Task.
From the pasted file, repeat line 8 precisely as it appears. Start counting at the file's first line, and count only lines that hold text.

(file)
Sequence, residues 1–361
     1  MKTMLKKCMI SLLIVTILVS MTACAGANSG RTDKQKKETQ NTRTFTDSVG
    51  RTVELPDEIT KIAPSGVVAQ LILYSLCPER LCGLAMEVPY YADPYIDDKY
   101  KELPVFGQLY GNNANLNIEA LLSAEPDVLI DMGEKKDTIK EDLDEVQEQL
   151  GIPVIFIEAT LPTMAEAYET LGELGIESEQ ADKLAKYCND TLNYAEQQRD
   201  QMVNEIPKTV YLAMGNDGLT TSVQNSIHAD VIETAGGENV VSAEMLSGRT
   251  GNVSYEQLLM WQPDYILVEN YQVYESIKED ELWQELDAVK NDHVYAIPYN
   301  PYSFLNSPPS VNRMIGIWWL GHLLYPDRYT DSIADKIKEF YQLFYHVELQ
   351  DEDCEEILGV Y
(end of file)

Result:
   301  PYSFLNSPPS VNRMIGIWWL GHLLYPDRYT DSIADKIKEF YQLFYHVELQ